Would you make a good bicycle race scorer? Are you a person who can concentrate 100% of the time and not get flustered or distracted when things are falling apart all over the place? Do you have the ability to read crunched, upside down, miss-pinned or completely missing numbers?
Make sure you have a position that you can easily see all of the rider's race numbers. Up high on a stage is ideal. Be there early so you can spot incorrect number placement while the riders are warming up. Do a quick number placement check as the riders are lining up for the race start.
Pull out your clipboard and note the event name, date, category, rider number sequence and number of riders in the field. As the Starter begins the race start your stopwatch.
The Race Is On !
There are a very few officials who do not worry about listing lap times, however most feel this is a double check on the lap cards, specially at criterium races.
Some officials like to score horizontally across the page while others prefer writing vertically down the page. It does not matter which way you do it, you will quickly find the way that suits you.
As the riders finish their first lap simply write down their numbers as they pass you. It is that easy!
Well, maybe not. Early in the race the field is ( usually ) together and it is almost impossible to get each and every rider's number as they pass. Do not worry too much early in the race. Simply jot down the leader, as many numbers as you can and then add ( FIELD ) for the rest of the riders. Early on try to concentrate on the rear of the race and make sure you write these numbers down. These may be the folks who get lapped later in the race
As the field thins out it will be easier to get a whole bunch of numbers. It is a good idea to note this by placing ( brackets ) around your list of riders who are riding together in a pack.
A scorer sometimes uses a SLASH between groups when there is a decent gap and a DOUBLE SLASH after the last remaining rider passes the line. Personally I do not use a slash between groups as it sometimes ends up looking like a number "1". I use ( ) to denote a single or group of riders.
Oh No ! . . . Stuff Starts Happening !
Let's not panic! Don't sweat it if you miss a number or two. Simply jot down ( X ) for each number that you miss. Try to get a count of how many riders are in each group.
An example of a scorer's lap chart may read something like this:
5 to Go = 45:12 ( 7 - 5 - 3 ) 46:32 ( 10 - 12 - 15 - 19 - X - X - X - + 12 field - 21 - 17 ) 46:55 ( 9 ) 47:58 ( 22 - 2 - 13 ) // = 28 total - ( 20 DNF )
So - what do we have? With five laps to go there are three riders in a breakaway group with a gap of 1:20 over the main field of twenty-one riders, followed by one poor soul in "No Man's Land" and three riders off-the-back. A total of 28 riders remain in the race. #20 has dropped out.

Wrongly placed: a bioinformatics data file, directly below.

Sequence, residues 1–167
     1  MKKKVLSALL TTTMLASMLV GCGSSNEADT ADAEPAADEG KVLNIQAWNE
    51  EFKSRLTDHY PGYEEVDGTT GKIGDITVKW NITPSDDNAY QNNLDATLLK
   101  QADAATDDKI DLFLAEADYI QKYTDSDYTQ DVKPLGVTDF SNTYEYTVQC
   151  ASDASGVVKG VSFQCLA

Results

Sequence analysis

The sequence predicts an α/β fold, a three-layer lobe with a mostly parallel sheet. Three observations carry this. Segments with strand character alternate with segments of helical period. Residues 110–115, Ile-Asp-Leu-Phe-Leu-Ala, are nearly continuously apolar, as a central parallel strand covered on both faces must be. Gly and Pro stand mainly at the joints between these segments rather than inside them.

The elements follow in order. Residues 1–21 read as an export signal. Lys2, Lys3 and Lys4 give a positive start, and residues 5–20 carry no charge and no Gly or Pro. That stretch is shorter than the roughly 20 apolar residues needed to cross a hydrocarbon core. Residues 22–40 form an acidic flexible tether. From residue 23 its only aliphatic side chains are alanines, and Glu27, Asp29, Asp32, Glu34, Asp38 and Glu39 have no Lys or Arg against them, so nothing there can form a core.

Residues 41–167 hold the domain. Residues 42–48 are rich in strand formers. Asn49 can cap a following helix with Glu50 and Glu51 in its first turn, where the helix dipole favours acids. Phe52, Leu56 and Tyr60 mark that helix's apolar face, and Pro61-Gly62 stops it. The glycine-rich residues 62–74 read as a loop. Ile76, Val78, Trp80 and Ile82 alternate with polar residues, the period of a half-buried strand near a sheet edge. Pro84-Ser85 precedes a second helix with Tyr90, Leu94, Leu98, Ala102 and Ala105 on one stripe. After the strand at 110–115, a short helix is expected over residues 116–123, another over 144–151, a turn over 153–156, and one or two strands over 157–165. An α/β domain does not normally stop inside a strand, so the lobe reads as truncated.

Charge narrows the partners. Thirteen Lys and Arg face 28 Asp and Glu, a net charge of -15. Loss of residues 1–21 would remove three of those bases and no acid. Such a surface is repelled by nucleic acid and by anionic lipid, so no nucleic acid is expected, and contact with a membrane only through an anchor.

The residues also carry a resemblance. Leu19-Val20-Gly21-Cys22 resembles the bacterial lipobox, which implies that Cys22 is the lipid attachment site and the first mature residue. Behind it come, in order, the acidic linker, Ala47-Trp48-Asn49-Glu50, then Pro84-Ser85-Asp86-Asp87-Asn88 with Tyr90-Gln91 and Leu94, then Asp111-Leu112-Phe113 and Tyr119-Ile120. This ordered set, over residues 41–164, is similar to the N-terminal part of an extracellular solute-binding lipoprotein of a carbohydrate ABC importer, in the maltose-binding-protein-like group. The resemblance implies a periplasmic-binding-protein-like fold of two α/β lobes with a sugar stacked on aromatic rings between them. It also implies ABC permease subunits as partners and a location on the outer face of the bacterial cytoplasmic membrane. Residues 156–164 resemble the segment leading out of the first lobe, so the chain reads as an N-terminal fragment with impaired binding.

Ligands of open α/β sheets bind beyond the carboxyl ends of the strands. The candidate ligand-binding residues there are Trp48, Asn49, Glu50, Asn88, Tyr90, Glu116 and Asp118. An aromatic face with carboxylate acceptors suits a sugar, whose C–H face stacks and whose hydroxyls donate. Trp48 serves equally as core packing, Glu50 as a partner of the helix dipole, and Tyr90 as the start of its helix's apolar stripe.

Why is it important to get as many numbers as you can each lap? It is very important to know the position of each rider in the race in case someone needs to come into the pit for a Free Lap. So using our example above, if Rider #19 flats and makes it to the wheel pit, you will know that he will need to re-enter the race in the rear of the main field.
Later In The Race
As we get into the latter laps of a race you will need to deal with lapped riders. Most scorers will CIRCLE those riders that have been lapped. This becomes important at the end of the race at results time. Also remember that you may have riders who are more than one lap down, specially in criteriums where you leave all the riders in ( no pulled riders ) and often in cyclocross races. These riders will have their numbers CIRCLED with a SUPERSCRIPT of how many laps they are down.
OK, What About That Finish ...
Here comes the finish sprint ! In a perfect world the riders will come in one at a time so your scoring will be a piece of cake. However, as we all know, bicycle racing is rarely a perfect world.
As the riders finish write down their numbers as they all cross the line. A lot of officials will use a tape recorder at the finish line as most folks can talk faster than they can write. Having more than one scorer helps a lot if you miss a number or two ( or three ). If you can't read a number try to get a team or even a jersey color. Any information helps. Some events may also use a "downstream" scorer to get a number that is missed or possibly unreadable due to poor number placement. The "downstream" scorer's chart may often not be the true order of finish, but you will get the number you may have missed.
Use of a video camera can be a great help but only use a very good camera with very high shutter speed. Digital video cameras with a color viewfinder can really show an unblurred "freeze" frame. One VERY important note here: DO NOT rely on the camera. These babies sometimes ( often ) don't work at the right moment when you need them the most. Specially when you forget to turn them on !
Where Are Those Results ?
Gather all the scorers together in a semi-quiet location and begin to formulate the finishing order. Begin by listing those riders who were not lapped. Remember that those rider's numbers you might have missed another one of the scorers probably ( hopefully ) did get. This is the time to review the video tape for any close finishes or for any number that everyone has missed.
Next you want to list those riders who were lapped once, then those who were lapped twice, etc. until you have a full finish order. Write down the "Results Posted" time and post in the location previously announced. And wait for the scrum to begin!
If all went well with your result tabulation there should be no protests. However, if there are, reassemble all the scorer's sheets to resolve the protest, repost the results and certify the results official after the fifteen minute protest period is over.